RQ4 How are products priced? Extracting rate documents from the SERFF filing system.
RQ5 What risk reduction services are offered? Identified in marketing materials or through interviews.
RQ6 Can we measure the likelihood and impact of incidents? Typically done by analysing a corpus of incidents.
RQ7 How effective are risk prevention and reaction interventions? Through comparisons of incidence / severity following an intervention.
RQ8 What harms do consumer face that insurance could cover?
RQ9 How do individuals perceive the underlying risk?
Through open-ended, inductive research, engaging with individuals who have suffered breaches.
RQ10 How do individuals perceive emerging technology insurance? Focus-groups in which participants are introduced to products and initial reactions are collected.
RQ11 How should EmTech insurance be regulated
RQ12 Which aspects should be provided publicly?
Public-policy analysis of emerging technology specific considerations and the implications for the insurance regulatory regime.

The first question, RQ0, requires casting a broad net to identify innovative products for which supply and demand is still growing. The next two questions try to understand the legal aspects of those products, namely what is and is not covered.

The next set of questions concern how insurers maintain a healthy risk pool by overcoming the problems of adverse selection and moral hazard [8]. If insurers sold policies at a flat-rate, economic theory predicts policies would be disproportionately bought by consumers more at a risk of emerging technology harms (adverse selection), and those consumers would engage in riskier behaviour once the policy was in-place (moral hazard). This motivates research understanding how underwriters assess risk (RQ3) and how actuaries set prices (RQ4). An additional question is how claims teams support victims via post-breach risk reduction services (RQ5).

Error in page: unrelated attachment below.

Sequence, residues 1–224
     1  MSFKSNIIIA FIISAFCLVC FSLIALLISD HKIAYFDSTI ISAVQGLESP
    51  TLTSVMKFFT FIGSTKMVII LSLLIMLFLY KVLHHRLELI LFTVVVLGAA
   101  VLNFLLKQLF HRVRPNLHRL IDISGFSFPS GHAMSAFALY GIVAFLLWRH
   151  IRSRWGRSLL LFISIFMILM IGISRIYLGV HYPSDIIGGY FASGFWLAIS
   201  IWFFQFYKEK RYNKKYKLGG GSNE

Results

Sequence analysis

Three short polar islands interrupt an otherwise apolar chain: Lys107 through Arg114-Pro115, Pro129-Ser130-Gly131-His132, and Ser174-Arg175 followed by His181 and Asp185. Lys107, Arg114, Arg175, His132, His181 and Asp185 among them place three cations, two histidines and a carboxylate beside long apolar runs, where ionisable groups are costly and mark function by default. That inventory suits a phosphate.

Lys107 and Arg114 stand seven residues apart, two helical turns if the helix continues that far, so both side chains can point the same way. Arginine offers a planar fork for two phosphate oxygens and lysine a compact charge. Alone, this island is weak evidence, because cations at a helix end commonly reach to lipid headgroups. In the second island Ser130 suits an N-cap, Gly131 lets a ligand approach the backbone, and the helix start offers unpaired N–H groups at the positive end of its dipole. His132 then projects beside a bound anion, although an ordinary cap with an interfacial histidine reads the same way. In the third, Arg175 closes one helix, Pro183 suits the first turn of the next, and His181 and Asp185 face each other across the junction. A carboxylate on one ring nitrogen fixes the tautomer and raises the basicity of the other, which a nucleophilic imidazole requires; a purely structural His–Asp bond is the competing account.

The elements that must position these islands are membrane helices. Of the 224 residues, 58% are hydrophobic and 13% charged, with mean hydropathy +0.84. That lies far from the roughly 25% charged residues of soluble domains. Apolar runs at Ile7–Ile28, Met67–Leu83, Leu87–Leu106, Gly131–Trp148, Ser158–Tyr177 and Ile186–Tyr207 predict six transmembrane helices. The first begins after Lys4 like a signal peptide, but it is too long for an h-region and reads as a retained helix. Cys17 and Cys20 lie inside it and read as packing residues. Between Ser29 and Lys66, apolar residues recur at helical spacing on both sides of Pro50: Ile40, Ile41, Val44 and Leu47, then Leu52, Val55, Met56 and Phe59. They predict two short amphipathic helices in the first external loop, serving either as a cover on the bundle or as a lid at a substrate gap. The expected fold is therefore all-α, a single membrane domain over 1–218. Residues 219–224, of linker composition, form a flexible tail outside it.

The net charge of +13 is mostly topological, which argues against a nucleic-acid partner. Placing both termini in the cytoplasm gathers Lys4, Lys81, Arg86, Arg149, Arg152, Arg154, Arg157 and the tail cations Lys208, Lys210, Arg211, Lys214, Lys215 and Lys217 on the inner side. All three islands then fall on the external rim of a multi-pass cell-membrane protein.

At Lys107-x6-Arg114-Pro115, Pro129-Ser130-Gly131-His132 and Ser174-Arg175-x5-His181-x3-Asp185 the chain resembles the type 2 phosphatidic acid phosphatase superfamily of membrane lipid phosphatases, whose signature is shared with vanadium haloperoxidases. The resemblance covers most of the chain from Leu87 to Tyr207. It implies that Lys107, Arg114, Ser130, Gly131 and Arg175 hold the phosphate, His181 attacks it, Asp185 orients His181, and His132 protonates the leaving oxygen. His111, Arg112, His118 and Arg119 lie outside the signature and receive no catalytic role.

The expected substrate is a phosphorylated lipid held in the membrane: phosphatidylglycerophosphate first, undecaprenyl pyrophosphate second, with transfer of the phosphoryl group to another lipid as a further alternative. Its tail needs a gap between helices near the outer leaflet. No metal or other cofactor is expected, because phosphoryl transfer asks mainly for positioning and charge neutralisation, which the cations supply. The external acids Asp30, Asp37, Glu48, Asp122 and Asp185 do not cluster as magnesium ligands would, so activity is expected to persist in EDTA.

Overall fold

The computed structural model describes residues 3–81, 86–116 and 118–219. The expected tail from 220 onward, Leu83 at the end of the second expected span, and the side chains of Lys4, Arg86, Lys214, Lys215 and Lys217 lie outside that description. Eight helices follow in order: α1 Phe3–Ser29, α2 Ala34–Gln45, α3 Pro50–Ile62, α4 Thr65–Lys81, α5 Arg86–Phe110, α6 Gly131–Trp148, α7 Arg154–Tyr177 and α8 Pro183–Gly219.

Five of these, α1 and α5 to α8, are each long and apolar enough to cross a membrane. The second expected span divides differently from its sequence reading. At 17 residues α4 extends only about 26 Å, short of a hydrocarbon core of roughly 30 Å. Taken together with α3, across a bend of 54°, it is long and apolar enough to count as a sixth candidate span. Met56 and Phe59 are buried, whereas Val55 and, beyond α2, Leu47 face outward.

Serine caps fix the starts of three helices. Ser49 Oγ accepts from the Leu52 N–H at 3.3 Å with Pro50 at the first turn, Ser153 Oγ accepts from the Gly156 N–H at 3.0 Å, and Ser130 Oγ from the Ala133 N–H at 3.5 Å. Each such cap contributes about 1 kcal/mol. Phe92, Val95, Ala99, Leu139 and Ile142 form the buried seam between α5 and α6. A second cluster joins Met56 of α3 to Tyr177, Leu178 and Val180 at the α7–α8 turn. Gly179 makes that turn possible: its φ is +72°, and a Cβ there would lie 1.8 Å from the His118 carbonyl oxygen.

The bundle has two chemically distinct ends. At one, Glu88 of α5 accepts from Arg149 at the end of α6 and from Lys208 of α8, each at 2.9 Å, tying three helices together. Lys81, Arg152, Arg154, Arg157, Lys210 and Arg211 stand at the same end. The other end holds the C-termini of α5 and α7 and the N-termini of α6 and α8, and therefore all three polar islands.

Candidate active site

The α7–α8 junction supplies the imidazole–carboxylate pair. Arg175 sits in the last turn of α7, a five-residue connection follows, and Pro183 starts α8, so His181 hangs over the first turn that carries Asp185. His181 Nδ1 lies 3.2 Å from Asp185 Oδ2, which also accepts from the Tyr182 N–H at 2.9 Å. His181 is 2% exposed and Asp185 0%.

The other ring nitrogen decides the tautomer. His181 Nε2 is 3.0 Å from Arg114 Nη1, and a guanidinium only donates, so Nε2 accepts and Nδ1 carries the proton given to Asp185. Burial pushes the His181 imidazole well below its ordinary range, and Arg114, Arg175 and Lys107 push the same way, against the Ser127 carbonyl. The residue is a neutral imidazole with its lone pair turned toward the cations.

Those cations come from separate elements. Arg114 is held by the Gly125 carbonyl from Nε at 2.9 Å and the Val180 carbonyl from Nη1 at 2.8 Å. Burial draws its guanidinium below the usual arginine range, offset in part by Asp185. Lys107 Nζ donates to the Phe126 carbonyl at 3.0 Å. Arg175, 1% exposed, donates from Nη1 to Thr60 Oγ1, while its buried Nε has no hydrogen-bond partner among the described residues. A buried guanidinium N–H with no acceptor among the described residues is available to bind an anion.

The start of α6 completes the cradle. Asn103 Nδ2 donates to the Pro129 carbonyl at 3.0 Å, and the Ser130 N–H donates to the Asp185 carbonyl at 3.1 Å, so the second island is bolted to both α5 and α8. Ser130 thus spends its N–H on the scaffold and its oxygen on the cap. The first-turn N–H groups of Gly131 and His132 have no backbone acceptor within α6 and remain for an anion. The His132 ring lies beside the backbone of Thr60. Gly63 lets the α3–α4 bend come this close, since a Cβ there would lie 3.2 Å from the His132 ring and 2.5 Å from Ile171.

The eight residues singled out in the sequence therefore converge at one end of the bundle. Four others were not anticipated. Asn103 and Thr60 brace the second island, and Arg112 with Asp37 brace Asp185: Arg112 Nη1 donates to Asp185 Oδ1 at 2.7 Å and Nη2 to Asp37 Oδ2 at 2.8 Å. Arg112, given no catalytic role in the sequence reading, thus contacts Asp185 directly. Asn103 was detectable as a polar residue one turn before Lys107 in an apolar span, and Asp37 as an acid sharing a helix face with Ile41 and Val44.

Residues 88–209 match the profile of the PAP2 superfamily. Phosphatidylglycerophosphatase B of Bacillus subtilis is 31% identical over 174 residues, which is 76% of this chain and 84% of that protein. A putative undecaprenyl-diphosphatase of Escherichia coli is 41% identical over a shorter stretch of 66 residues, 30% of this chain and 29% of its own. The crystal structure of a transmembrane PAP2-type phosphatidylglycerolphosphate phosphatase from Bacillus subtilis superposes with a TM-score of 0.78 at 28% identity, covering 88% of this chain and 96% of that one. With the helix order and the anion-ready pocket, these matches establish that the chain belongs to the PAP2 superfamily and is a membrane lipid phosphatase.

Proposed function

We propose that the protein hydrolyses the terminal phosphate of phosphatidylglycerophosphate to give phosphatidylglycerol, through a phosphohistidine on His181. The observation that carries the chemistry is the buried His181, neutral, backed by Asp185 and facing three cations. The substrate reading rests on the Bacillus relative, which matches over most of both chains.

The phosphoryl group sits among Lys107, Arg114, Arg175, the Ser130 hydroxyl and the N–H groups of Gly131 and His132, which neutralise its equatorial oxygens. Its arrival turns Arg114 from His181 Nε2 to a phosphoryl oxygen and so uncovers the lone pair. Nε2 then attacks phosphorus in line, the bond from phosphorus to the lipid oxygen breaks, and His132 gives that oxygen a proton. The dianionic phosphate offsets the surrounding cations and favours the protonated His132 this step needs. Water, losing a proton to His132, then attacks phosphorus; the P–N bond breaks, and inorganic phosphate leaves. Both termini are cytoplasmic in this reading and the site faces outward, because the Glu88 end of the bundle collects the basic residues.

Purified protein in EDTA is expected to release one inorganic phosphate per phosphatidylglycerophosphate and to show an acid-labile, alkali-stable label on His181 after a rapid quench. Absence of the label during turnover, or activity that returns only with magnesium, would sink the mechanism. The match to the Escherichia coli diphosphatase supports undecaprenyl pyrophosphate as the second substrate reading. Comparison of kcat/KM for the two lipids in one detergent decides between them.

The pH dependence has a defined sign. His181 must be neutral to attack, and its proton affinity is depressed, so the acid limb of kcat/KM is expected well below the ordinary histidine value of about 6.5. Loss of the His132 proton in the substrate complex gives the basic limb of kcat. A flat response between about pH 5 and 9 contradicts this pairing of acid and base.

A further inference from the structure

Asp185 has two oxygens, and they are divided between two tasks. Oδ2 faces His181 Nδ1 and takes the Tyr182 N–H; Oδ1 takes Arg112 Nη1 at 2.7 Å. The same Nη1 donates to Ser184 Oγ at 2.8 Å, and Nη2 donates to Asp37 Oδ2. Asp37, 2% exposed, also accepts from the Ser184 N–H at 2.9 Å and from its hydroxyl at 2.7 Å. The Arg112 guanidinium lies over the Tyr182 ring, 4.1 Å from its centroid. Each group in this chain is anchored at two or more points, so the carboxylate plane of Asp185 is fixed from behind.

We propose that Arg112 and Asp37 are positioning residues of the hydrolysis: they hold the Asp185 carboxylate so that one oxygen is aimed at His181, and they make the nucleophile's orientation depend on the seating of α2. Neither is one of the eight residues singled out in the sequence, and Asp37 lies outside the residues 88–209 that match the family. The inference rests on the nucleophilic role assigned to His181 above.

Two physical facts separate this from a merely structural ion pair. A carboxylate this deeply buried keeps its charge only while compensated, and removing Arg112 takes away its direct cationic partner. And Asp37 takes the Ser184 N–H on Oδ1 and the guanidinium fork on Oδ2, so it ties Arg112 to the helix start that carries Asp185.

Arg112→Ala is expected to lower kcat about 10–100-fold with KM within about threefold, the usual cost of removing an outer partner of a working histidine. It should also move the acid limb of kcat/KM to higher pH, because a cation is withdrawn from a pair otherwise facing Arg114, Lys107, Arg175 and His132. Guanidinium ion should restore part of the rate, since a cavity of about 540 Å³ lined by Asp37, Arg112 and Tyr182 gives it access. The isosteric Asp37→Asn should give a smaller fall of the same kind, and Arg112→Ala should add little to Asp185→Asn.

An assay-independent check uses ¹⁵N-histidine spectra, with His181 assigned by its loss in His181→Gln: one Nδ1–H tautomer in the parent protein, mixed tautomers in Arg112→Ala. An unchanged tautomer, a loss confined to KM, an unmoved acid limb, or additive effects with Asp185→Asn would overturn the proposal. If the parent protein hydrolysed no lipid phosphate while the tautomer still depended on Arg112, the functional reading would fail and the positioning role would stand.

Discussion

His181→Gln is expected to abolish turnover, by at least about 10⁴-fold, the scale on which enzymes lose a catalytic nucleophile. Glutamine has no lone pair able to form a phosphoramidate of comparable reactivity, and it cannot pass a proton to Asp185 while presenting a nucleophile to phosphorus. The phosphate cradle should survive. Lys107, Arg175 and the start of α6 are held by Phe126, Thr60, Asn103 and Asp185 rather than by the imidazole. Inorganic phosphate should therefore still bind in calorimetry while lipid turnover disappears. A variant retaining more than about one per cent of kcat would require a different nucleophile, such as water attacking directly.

The previous questions all involve studying the market as it is. However, foundational questions in actuarial science can improve the efficiency of insurance oeprations. For example, pricing schemes must be based on an analysis of the likelihood and impact of incidents (RQ6), which can be done by identifying a corpus of incidents. Further, underwriters should look favourably upon insured who implement risk prevention and reaction activities, which can be understood as part of RQ7.

All viable insurance products need a consumer who wants to transfer the risk to an insurer. This motivates understanding the perceptions and risk exposure of individuals. Notably, it is important to distinguish the harms that consumers face (RQ8) from the perceptions of risks (RQ9), which may be out of alignment. Finally, as emerging technology insurance emerge, RQ10 can study how the products are perceived.

Finally, insurance markets are often of national importance, which motivates government interventions. For example, old age income is provided by social security In the US, and most health care is mostly provided by the publicly-funded National Health Service in the UK. RQ11 asks whether there should there be equivalent public insurance programs for emerging digital harm. Even when private insurance exists, regulators often oversee the contractual terms, pricing structure, and solvency of insurers, which motivates RQ12.